Most telling is the Green Orwellian “soma” policies to placate the masses once they have been “liberated” from their individual freedoms, food and right to procreate — Gay marriage, free to air TV sport circuses, legal drugs and free needles. We can all live as stoned locavores, skinny and unisexually in our dark shacks watching free sports on TV for the two hours a day we are rationed green electrics.


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    pattoh

    Ahoy Richard & other distinguished bloggers

    Having for some time been enlightened & entertained by the articles & dialogue on this site, it is abundantly clear that many of the regular contributors speak with authority backed by knowledge & understanding which only comes with hands on inquiry & experience.

    While this absurd palm oil development is under the spotlight consideration should turn to other realistic alternatives.

    Any rational assessment of the needs agriculture & transport systems as necessary to support the demand of world’s societies must include the energy sources driving them. To function effectively these must be portable, independent & produce high energy per unit of mass &/or volume & be economically viable. At present liquid hydrocarbons represent the only real option which fits the bill.

    Recently here in Australia there has been quite a bit of development in Coal Seam Gas.

    This is intended either for domestic consumption & power generation or for export after liquefaction.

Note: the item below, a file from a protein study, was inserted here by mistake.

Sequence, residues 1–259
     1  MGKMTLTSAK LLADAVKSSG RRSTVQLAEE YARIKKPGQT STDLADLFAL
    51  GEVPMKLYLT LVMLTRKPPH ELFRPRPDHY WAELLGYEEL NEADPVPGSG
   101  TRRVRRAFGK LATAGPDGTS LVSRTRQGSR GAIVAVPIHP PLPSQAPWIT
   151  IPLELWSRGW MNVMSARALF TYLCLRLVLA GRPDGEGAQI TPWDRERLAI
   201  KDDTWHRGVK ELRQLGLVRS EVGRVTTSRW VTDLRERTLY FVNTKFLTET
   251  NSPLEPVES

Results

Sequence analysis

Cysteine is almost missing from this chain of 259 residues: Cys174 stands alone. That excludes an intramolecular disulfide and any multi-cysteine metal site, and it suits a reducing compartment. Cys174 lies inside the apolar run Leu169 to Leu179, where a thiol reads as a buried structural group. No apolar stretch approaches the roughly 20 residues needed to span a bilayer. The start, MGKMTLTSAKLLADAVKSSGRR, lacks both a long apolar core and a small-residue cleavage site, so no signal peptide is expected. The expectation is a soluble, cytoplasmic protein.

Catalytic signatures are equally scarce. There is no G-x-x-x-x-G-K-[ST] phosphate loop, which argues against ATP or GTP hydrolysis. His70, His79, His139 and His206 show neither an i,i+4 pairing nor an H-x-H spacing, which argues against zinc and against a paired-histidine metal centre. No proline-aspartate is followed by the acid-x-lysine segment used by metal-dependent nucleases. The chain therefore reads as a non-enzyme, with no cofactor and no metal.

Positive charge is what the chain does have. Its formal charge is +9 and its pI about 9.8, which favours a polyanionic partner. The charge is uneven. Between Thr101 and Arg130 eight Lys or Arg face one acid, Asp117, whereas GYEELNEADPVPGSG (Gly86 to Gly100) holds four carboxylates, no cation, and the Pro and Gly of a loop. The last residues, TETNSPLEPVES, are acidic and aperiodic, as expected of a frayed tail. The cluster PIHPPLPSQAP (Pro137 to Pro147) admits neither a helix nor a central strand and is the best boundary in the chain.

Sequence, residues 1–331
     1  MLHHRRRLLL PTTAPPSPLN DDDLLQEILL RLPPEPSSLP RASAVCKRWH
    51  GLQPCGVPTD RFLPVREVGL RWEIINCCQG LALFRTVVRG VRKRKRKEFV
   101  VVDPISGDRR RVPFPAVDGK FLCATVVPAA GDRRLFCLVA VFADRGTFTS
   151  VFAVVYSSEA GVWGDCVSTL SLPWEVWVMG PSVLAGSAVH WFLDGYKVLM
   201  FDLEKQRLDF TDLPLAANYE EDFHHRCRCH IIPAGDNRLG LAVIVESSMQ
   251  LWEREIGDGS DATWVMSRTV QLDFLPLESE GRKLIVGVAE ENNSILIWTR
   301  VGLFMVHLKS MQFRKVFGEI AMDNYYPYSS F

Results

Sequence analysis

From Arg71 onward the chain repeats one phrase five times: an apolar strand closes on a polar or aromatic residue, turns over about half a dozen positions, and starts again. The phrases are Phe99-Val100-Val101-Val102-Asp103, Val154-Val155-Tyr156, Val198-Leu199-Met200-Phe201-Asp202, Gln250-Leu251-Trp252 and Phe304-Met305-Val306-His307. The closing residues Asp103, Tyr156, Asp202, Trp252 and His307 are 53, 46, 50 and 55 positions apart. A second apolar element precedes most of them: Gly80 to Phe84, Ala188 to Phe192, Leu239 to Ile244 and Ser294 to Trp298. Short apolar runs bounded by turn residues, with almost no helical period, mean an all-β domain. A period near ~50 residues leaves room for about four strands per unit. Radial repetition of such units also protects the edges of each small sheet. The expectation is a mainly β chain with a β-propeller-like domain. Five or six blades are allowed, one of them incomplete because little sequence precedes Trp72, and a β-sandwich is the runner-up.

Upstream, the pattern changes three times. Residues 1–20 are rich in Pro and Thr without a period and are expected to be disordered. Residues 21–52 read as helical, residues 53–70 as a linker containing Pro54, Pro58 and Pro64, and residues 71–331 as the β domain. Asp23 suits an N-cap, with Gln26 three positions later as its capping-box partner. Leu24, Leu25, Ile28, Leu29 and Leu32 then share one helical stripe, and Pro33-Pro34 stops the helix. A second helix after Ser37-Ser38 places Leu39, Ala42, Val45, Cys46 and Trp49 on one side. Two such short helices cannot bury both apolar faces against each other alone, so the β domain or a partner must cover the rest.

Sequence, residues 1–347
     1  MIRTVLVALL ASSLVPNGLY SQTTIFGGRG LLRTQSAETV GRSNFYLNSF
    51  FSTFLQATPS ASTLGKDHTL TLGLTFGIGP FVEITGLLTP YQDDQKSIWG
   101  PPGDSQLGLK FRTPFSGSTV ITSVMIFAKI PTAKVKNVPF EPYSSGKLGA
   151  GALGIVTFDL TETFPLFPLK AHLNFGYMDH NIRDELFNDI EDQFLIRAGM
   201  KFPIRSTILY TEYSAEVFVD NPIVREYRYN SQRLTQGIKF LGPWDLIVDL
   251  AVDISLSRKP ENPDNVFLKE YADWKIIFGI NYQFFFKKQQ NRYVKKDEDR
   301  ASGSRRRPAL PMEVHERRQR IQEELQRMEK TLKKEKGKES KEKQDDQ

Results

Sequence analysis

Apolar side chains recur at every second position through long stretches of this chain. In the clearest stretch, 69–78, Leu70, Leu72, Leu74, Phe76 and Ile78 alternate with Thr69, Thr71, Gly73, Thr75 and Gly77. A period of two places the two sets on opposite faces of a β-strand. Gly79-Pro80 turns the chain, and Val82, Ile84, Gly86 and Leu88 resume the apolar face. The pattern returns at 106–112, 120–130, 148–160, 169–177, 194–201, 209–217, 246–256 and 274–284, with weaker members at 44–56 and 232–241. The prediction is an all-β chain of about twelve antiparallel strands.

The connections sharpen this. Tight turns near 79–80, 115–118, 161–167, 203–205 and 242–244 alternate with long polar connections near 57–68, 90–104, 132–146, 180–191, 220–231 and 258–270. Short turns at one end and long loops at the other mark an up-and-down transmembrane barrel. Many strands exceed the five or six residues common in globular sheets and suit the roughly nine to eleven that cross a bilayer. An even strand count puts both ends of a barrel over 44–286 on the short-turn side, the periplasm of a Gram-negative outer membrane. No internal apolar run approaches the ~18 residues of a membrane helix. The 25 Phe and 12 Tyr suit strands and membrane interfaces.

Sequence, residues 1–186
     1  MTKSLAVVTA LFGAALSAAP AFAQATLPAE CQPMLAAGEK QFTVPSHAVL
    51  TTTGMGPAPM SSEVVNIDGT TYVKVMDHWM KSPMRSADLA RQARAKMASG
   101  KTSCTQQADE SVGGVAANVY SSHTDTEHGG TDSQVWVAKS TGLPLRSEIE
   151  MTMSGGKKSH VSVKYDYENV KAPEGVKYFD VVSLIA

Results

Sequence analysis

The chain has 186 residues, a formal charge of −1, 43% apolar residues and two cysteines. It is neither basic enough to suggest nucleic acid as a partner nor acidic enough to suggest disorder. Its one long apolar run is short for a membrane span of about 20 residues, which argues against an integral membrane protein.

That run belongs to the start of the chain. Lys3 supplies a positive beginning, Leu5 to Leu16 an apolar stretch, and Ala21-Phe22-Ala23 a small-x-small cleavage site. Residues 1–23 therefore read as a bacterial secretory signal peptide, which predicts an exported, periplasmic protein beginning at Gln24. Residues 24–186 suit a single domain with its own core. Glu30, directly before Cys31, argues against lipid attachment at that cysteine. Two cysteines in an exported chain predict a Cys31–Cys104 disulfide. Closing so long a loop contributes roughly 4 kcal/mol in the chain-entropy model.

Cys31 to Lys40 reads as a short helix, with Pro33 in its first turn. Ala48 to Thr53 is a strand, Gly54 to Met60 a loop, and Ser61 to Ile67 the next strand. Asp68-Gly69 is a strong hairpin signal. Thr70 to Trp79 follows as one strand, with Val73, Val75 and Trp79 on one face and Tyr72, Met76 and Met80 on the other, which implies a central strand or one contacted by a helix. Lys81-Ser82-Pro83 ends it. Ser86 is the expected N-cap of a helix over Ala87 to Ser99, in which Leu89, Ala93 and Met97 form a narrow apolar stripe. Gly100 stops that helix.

Previously Australia toyed with oil shale & a trial plant was built a few years ago but I understand the pollution & production efficiency issues proved to be too problematic. (along with the NIMBYs)

    However a few proposals are in play for converting coal to gas & then gas to liquid. (diesel & naphtha equivalents) as a replication of the processes developed in Germany during WW2 & more recently employed by South Africa (SASOL?)

    The question is what would the comparative cost be to produce diesel & kerosene as opposed to traditional refining of crude? What comparative environmental costs are associated with surface or in ground gassification prior to liquefaction?

    And on a different level:- If the costs are comparable or less, what does this mean for the geo-political balance of the world? (& big oil)

    Could the anti everything Greenpeace types ever be convinced that digging something up & using it may actually be the best solution this side of a mass cull of humanity?


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    cohenite

    wes@53; the mentality and behaviour of the green ideologist is the key to AGW and the inherent abrogation of democratic and individual rights in that green ideology.

    It occurs to me that Piaget may have something to offer here; there is no doubt in my opinion that Western society has removed many of the oppressive natural consequences of existence; at its best this social structure insulates the citizenry from the real reality of nature.

    According to Piaget we learn our intelligence, our mental processing and mental complexity as a process of abstraction from interaction from the environment; however the environment of today isn’t “Nature, red in tooth and claw” but endless choice and nannified encouragement of subjectivity; individualism is no longer a process of considered maturation but of whimsy and vanity; the relevant environment is therefore not external but internal; abstract ideas no longer run the gaunlet of external environmental attrition but are attached to an untested personal morality which in turn is defined by concepts which are cleverly marketed to appeal to this moral sense; things like nature, gaia, the hollywoodised/bambi version of nature. The other side of the coin, filthy lucre, dirty business and CO2 polluting energy is presented as immoral and a threat to the former.